Archives For faith

Three little words.

Three little words, spoken by Jesus at the very end of his life. I’ve been thinking about them all Easter weekend.

I imagine hardly anyone who was there that day even heard Jesus even speak these three little words. They may have been spoken just above a whisper. And only John records these words.

And even those people who did hear Jesus say it did not understand what he meant.

And ever since then, we have heard these three little words, but I’m not sure we have really believed them.

Because we know ourselves. How could those three little words be true…for us? 

So we keep working at it, trying to do things that humans have never been able to do. We try to make our redemption out of “the cross…and.” 

The cross…and baptism.

The cross…and Calvinism.

The cross…and church.

The cross…and me.

Yes, we make idols out of everything that is really good. We make idols out of everything when we place it next to the cross and say “This is why I’m saved,” or “This is what makes me a Christian.”

What if we really, really believed those three little words that Jesus spoke, three of his last words on the cross? We’d stop trying to do “the cross…and.” And we would start doing the things we were meant to do.

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By the way, this isn’t just a stock photo of a cross. My wife’s relative’s built it, overlooking a tiny town in Kansas and it’s pretty sweet. When it glows at night, it looks like a cross-shaped star in the sky.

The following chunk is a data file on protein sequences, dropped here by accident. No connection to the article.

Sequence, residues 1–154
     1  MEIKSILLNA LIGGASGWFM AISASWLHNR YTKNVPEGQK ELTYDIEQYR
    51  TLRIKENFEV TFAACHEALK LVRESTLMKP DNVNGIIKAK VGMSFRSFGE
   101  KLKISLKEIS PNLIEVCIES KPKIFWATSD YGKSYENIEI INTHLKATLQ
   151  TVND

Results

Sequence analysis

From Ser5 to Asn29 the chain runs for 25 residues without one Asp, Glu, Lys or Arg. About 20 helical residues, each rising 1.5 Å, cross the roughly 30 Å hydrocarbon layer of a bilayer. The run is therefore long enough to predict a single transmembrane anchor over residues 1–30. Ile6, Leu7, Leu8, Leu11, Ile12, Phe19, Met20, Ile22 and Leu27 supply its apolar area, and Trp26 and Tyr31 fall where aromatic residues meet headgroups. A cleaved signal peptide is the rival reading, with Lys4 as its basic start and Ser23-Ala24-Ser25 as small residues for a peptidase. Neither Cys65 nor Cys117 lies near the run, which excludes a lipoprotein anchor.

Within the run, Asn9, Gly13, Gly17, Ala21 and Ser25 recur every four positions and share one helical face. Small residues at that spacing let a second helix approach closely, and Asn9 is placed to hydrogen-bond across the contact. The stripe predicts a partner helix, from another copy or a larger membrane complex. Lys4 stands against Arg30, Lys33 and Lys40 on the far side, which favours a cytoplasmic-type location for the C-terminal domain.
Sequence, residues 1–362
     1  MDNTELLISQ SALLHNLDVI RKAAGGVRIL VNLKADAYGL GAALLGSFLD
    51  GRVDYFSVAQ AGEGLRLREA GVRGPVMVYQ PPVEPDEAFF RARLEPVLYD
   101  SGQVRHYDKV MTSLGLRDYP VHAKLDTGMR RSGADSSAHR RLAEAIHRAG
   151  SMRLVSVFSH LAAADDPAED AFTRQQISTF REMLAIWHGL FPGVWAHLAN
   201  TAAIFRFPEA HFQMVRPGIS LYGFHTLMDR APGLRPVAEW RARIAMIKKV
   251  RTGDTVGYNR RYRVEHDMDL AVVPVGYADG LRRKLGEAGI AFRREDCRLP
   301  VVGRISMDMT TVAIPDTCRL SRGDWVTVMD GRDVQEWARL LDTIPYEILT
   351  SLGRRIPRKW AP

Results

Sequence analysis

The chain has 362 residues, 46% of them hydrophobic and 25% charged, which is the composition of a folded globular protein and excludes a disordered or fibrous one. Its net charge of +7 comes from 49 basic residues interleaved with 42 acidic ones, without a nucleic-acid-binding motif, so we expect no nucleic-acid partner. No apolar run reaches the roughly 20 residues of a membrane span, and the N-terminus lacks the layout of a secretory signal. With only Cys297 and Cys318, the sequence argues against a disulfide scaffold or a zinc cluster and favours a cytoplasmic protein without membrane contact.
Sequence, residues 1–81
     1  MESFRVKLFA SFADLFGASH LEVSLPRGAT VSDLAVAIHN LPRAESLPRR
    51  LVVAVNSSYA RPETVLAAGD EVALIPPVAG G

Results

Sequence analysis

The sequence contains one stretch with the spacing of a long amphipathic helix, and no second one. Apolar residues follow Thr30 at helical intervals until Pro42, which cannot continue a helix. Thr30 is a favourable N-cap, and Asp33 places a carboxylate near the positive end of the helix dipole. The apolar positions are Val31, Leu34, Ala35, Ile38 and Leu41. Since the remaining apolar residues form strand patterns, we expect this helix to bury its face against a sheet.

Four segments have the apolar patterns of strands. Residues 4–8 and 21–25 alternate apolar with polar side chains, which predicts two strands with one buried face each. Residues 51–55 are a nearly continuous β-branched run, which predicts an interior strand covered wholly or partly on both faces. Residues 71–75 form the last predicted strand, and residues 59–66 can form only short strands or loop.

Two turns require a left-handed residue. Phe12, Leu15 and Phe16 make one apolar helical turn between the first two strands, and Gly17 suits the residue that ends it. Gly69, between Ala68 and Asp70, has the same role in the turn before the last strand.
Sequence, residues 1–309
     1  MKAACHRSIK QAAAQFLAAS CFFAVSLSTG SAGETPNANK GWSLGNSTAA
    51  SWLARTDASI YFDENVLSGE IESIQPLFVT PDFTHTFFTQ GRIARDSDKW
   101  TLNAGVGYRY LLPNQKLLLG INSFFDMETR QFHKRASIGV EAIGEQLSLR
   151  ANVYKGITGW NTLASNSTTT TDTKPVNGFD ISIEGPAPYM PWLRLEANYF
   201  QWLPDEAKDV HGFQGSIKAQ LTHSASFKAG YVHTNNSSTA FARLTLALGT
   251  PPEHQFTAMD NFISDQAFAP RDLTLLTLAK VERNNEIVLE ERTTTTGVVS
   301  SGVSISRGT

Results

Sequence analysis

Of course, today is Good Friday.good-friday-india

Of course, the day we commemorate was not originally called good. There was very little good which anyone could fathom coming out of such a day.

Good Friday was a day on which not only a man died, but dreams died with him. Jesus’ disciples had “hoped that he would be the messiah who would redeem Israel.”

Good Friday was full of anguish, pain, tears and disappointment. And it took several days for people to understand the good which God was working that day. All they knew on Friday was what they could see and hear and feel.

I am afraid that we humans have not changed much. Not that anyone was supposed to get what Jesus’ crucifixion was about that day. But we humans often let the good slide right under our noses, unnoticed. We do not see how things worked in our favor until after the fact. We do not feel the joy or love that we often feel we we look nostalgically at a time. Instead, we just grind through a stage of our lives, groaning about our lot in life. And it isn’t until years later that we look back and say that those times were the best, or the most fruitful, or the most fun.

There are people who have terrible things happen to them – they get cancer or a tragedy strikes them, or they lose their loved ones. And those of us on the outside can never understand how they can find redemption or hope or, yes, even good in their circumstances. But somehow, they do. I do know that my wife and I have been trying to have a child for four years now, a trial that most people just want to get over with. But I cannot tell you how fruitful, how enriching how good this trial has been for our marriage and our spirits.

Good often disguises itself as pain, or disappointment or loss. And we just try to fast-forward through all those parts so we can get to what we think will be the “good” parts – the easy parts, the planned-out parts, however we define “good.”

Maybe on Good Friday, we can learn to see “good” in all its disguises.

Have a happy Easter, friends.

My wife and I got up to look at the eclipse Monday night.blood-moon2-470435

Neither of us had seen a lunar eclipse before. They are scheduled so darn inconveniently. If they had them during the daytime, that would be much better for me.